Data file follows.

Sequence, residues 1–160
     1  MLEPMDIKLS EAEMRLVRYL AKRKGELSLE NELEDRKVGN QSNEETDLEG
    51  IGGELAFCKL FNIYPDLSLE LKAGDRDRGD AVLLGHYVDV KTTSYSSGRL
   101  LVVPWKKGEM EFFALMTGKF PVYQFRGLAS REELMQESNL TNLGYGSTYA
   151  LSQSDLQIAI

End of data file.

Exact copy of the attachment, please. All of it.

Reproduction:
Sequence, residues 1–160
     1  MLEPMDIKLS EAEMRLVRYL AKRKGELSLE NELEDRKVGN QSNEETDLEG
    51  IGGELAFCKL FNIYPDLSLE LKAGDRDRGD AVLLGHYVDV KTTSYSSGRL
   101  LVVPWKKGEM EFFALMTGKF PVYQFRGLAS REELMQESNL TNLGYGSTYA
   151  LSQSDLQIAI